House Republicans Want Study on Virginia Establishing Its Own Currency

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    In the latest attempt to push right-wing legislation through the General Assembly, the House of Delegates passed a bill this morning that would establish a panel to research the possibility of Virginia creating its own currency. The bill, which basically passed along party lines, authorizes almost $18,000 to be spent on establishing a 10 person panel that would “study the feasibility of a metallic-based monetary unit.”

    In other words, it would require the state to spend financial resources on studying whether or not we want to return to the gold standard. On top of that, it would require state employees to spend countless hours on the project — time that staff members simply don’t have due to all the cuts Republicans have made to the public workforce.

    Since the ultimate goal of the measure is something that’s only supported by the extreme right flank of the GOP, it shouldn’t be too surprising that the measure was sponsored by Bob Marshall — a delegate from Prince William County who has earned the reputation of being extremely conservative and more than a little odd. Marshall has tried to pass similar legislation since 2008 and has tried to use it as a way to discuss his opposition to the Federal Reserve and the policies it promoted during the economic recovery process.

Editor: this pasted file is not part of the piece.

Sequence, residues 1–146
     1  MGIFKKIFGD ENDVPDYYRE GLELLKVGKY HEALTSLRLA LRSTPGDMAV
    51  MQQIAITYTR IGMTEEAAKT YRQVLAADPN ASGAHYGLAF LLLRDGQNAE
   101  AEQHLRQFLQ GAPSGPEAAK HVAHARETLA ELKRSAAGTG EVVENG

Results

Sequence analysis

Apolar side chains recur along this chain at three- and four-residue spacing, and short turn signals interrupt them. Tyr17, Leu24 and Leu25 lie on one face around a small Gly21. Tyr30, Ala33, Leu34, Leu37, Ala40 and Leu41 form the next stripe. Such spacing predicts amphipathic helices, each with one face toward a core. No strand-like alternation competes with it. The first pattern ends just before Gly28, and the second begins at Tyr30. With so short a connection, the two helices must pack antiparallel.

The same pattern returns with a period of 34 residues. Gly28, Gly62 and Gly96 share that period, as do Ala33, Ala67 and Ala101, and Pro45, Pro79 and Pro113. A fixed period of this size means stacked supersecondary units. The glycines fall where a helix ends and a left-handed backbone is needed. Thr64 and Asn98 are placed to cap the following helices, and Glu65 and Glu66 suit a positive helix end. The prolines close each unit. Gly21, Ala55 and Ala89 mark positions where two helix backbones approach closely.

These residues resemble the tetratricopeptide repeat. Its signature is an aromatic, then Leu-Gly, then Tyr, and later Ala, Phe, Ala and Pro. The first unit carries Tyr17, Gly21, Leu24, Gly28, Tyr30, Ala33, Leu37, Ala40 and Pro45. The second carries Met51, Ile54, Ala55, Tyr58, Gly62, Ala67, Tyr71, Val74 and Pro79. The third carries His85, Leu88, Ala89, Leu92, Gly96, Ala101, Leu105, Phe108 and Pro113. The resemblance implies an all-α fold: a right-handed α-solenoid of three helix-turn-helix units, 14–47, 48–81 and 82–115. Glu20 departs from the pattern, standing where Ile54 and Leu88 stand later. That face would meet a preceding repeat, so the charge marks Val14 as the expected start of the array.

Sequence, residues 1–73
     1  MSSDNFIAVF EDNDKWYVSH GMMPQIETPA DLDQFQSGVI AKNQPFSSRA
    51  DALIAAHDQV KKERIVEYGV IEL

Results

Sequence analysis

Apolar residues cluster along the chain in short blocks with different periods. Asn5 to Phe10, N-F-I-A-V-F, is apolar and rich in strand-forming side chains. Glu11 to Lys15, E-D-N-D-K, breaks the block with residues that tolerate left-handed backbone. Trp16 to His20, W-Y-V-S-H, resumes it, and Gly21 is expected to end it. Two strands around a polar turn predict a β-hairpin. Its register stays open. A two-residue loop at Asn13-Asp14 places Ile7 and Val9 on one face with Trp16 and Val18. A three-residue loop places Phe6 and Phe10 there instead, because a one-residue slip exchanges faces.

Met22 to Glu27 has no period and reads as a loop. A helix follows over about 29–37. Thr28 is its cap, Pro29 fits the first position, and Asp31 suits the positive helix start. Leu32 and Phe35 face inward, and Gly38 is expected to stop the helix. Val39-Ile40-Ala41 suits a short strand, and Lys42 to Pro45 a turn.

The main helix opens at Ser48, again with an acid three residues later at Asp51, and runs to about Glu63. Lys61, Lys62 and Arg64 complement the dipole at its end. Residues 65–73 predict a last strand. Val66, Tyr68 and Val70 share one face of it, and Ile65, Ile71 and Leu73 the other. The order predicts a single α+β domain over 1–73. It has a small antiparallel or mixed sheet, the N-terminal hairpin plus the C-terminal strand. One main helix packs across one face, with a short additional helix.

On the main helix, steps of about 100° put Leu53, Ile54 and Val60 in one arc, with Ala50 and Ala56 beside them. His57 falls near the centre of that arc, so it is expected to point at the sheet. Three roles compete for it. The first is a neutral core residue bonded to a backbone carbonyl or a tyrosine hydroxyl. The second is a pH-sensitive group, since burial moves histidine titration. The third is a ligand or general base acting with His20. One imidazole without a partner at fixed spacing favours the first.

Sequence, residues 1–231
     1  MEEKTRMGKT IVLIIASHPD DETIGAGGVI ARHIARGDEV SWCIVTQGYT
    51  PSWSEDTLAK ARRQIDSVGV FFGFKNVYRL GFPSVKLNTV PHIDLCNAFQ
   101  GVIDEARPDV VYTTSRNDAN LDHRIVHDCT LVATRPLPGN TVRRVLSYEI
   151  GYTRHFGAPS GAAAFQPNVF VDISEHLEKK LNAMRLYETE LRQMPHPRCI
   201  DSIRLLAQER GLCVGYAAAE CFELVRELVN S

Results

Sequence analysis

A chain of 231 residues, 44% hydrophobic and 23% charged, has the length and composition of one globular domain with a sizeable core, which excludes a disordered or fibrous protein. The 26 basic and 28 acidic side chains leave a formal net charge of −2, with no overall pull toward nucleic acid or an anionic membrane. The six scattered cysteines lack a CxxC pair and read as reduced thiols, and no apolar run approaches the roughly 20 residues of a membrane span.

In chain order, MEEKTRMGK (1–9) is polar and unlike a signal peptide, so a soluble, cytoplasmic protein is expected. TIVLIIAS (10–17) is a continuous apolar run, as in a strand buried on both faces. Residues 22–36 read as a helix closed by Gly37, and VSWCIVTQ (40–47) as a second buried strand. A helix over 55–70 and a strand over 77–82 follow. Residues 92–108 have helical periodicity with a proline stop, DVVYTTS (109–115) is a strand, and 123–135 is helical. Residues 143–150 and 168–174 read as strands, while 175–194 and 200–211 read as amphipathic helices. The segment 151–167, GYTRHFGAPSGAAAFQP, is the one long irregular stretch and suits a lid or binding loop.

While many of his fellow Republicans might have joined in his opposition to a large centralized governmental agency like the Federal Reserve, he had a difficult time getting any support for the measure before this year. Governor Bob McDonnell, for instance, has publicly said that he doesn’t think Virginia should print its own money. And the idea was once considered such an absurdity that a lobbyist handed out fake coins at a dinner in February of 2011 for the Virginia Capitol Correspondents Association that read “In Bob We Trust.”

    The measure will probably have a hard time surviving both the Senate and McDonnell’s veto pen, but it does force you to look at how conservative the House Republican caucus has become recently. I mean, the legislation has gone from being considered an absurdity being promoted by a lone ultra-conservative member to making it’s way through the House.